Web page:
It was roughly a month ago that I wrote the post that Ryan Schimpf made necessary. Schimpf is 28 years old, and 28-year-old rookies tend not to merit a lot of attention. There have obviously been some great, older players to produce fantastic debut seasons — like Ichiro Suzuki, for example, or Jackie Robinson. This post, however, isn’t concerned with those players who were kept from the game because they played professionally elsewhere or were unable to play due to systemic racism. Rather, the present post attempts to remedy the lack of awareness for players in a situation like Schimpf’s — older players who make the most of their opportunity — both this year and in those that preceded it.
While Schimpf is certainly the best of the lot this season, he’s not alone among older guys in their rookie seasons this year. The chart below shows the rookies who are at least 27 years old and have recorded at least 100 plate appearances (and who didn’t sign as professional free agents before the season e.g. Byung-ho Park).
|Brett Eibner||– – –||27||127||5||.209||.270||.391||72||-4.1||3.9||0.4|
Jeremy Hazelbaker took a path fairly similar to Schimpf, moving from the Red Sox to the Dodgers to the Cardinals, who finally gave him a bit of a chance this season. Parker was drafted by the Giants, has hit in virtually every stop and debuted last year for San Francisco — and is back with the team this season after spending much of the season in the minors. Merrifield progressed slowly with the Royals, eventually making Omar Infante expendable, but ended up back in the minors last month with Kansas City giving Raul Mondesi a shot. Shawn O’Malley was drafted 10 years ago and received only brief exposure at the major-league level in both 2014 and 2015 before appearing this season. Eibner was traded for Billy Burns earlier this year, and the A’s are making a bet that Eibner’s success in the minors can translate to the bigs if given the chance. Tyler Holt is a speedy, low-power player who has gotten to the majors in each of the past three years.
Looking at the list above, it’s pretty clear that Schimpf is in his own league, at least as far as this year goes. As far as direct comparisons go, Schimpf doesn’t have many peers. If you look over the past 50 years for 28-year-old-and-older rookies with at least 200 plate appearances in their debut season who have posted both (a) at least 2.0 WAR and (b) a wRC+ over 100, the only person on that list with Schimpf is Jim Norris, a 28-year-old outfielder who played with the Cleveland Indians in 1977 and who put up a 102 wRC+ and 2.4 WAR in 517 plate appearances. However, if we open things up a bit and look for the best old-rookie seasons, we come up with a few more memorable names (with apologies to Jim Norris).
In the last 50 years, there have been 190 players at least 27 years of age who have recorded 220 plate appearances or more in their rookie season — basically an average of four such players per season. Of that group, 51 recorded zero wins or less. Another 62 players produced under 1.0 WAR. There are another 47 with at least 1.0 WAR but under 2.0 and a few of those merit some consideration. Nine of them had at least a 120 wRC+, and those players are on the chart below:
In 2006, Esteban German had quite the rookie season, although it was actually his fifth season in the big leagues, and he failed to garner any Rookie of the Year votes, as Justin Verlander won in a landslide, with Jonathan Papelbon and Francisco Liriano falling in behind Verlander. Troy Neel played in 1994 but, after the strike, moved to Japan, where he played for several years. Satin was drafted at 23, and made the majors by 26, but only got one extended run in the majors a few years ago. Benny Agbayani had a good two-year run with the Mets in 1999 and 2000, but fell off thereafter. Curtis Pride, one off few deaf baseball players in MLB history, has an incredible story, debuting in Montreal in 1993 and getting a some playing time with the Tigers several years later. Willingham had a lengthy MLB career after making his debut several years before his rookie season. Baker had a solid career as a backup catcher, Daugherty debuted in 1987 at 26, and Kelvin Chapman actually debuted in 1979 before getting back to the majors five years later.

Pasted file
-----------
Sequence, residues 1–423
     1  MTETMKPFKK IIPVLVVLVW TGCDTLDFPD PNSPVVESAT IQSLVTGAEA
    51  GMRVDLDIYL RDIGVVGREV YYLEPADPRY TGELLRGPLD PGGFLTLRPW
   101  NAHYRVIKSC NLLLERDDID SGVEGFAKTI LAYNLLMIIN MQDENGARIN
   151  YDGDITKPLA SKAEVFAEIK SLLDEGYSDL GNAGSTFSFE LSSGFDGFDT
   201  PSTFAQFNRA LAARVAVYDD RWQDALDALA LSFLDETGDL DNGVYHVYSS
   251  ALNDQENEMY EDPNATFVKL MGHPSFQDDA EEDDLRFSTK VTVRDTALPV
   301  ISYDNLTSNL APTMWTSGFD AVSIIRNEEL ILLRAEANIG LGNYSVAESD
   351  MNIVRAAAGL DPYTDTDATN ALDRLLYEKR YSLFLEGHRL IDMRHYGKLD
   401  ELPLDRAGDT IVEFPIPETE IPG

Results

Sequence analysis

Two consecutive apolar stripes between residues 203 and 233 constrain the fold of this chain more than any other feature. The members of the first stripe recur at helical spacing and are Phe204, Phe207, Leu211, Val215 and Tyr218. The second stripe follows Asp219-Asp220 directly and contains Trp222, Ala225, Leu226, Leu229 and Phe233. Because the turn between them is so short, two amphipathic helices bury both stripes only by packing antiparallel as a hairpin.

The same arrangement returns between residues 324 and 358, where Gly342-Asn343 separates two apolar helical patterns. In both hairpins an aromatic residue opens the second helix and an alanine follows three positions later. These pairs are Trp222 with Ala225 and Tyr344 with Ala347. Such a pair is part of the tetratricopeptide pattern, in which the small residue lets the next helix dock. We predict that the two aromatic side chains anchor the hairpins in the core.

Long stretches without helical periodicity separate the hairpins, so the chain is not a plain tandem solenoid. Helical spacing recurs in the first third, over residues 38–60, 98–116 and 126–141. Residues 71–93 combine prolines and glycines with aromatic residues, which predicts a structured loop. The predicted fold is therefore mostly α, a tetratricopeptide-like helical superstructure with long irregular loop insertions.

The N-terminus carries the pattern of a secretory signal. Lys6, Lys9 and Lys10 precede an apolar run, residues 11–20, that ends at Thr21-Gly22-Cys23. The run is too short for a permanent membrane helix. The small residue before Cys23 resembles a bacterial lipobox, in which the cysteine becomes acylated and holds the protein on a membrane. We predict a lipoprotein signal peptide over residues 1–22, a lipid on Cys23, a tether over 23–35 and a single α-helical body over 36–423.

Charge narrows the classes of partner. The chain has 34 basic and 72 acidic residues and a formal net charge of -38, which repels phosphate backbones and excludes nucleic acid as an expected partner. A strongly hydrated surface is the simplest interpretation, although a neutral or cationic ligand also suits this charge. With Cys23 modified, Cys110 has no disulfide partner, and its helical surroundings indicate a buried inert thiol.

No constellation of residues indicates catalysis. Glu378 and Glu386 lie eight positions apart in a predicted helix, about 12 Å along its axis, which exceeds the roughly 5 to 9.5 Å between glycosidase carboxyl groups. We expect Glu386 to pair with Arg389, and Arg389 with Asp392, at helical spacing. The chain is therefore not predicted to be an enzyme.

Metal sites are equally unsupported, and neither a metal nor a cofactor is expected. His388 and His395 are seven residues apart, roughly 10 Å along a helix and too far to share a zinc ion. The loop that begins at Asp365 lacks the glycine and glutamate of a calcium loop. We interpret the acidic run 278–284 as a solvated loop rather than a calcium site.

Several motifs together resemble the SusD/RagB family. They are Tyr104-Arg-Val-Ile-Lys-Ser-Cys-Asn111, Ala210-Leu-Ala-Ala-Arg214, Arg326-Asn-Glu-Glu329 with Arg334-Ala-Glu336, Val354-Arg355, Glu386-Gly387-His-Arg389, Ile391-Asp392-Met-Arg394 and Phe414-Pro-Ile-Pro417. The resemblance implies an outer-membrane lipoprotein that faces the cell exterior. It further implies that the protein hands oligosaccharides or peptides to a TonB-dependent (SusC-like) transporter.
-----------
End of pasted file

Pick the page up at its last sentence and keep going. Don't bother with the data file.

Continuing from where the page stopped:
There are only 13 older rookies on the position-player side who recorded at least 2.5 WAR in their rookie seasons.
Ryan Schimpf isn’t on this list yet — he’s currently at 2.1 WAR and our projections have him getting very close to the 2.5 mark — but Mike Aviles appears to take the cake for older rookies. Aviles had the poor luck of being a rookie in the same season as Evan Longoria, while Milligan had the poor luck of being in an era that voted for relievers, as Gregg Olson and Tom Gordon (who started and relieved that season) took the top two spots. Santangelo, Sanchez, and Lopes relied on defense for their impressive WAR totals. Podsednik finished second in Rookie of the Year voting to Dontrelle Willis. Luke Scott is the only player above with a higher wRC+ than Schimpf in a similar number of plate appearances.
Garrett Jones probably had the most similar start to Ryan Schimpf, hitting 21 home runs in just 358 plate appearances. Jones put together a decent career before his release by the Yankees last season, finishing with 122 home runs and a 106 wRC+ over 3,228 plate appearances. Hal Breeden, who just missed the cut, also had a similar season for the Expos in 1973, hitting 15 homers with a 141 wRC+ over 290 plate appearances. Older rookies don’t have what we might call a great or rich history, but quite a few guys who didn’t show up made differences in their rookie seasons and went on to decent careers.
Craig Edwards can be found on twitter @craigjedwards.